I'm happy too to see Monk get some attention as it leaves. I love the show, but felt that the later episodes weren't as smart as the earlier ones. Alan, I hope you post or at least tweet your thoughts about the finale.For detective fans, the Paley Center is running a poll for the greatest tv sleuth. Monk is of course on the list. Columbo is winning so far . . . http://www.paleycenter.org/tv-sleuth-smackdown
Never liked Monk but I love Psych so if it exists because of Monk I pay respect to it
You are in error when you say Bitty Schram (sharona) was NOT the first Gal Friday to Monk...she was the first...and a very good one at that.
At what point did I mention Sharona? Or Natalie, for that matter?
I think Anonymous was just warning you ahead of time, Alan, so you didn't make any embarassing mistakes, um, in your future Monk retrospectives...Ok, nevermind. For my part, I can always watch this show, and I find myself caring about the people even though I'm not a regular viewer, and that's a good sign. Now someone else needs to hire Ted Levine, pronto!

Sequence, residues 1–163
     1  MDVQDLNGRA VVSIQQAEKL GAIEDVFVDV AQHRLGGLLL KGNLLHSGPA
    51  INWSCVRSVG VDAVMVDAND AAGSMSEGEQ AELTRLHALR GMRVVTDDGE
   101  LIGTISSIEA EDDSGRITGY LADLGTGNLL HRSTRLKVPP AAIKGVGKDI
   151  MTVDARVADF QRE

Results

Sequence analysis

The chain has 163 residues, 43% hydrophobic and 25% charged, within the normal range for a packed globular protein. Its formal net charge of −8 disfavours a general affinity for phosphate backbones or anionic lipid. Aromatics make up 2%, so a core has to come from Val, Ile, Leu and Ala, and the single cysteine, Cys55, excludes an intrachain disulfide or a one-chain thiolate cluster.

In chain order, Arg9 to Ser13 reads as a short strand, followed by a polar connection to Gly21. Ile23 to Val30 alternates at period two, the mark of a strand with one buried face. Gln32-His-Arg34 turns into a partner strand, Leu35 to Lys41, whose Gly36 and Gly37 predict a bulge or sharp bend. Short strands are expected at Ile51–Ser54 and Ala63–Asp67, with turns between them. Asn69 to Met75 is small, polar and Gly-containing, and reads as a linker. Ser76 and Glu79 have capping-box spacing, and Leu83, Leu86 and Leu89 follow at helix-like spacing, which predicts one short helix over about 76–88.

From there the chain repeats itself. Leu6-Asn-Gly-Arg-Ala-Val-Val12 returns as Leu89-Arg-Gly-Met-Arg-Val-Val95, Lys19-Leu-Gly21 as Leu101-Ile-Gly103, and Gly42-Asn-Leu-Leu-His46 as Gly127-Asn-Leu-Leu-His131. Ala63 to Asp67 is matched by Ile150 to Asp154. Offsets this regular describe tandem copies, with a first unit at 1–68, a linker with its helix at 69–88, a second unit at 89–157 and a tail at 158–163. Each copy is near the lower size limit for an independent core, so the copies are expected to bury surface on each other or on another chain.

I've been a Monk fan since the beginning, but what I'm loving most now is that they know how to wrap up a show. Randy and Sharonna, the Captain finally gets a great wife, Julie goes to college, Natalie has a boyfriend, and tonight we're going to get solved the series-long mystery, it seems. Thank you, Tony Shalhoub.
It's a minor point, but there is a difference between Burn Notice, which I enjoy, and most network shows: I've never seen it get maudlin, even once. Network shows can't help themselves.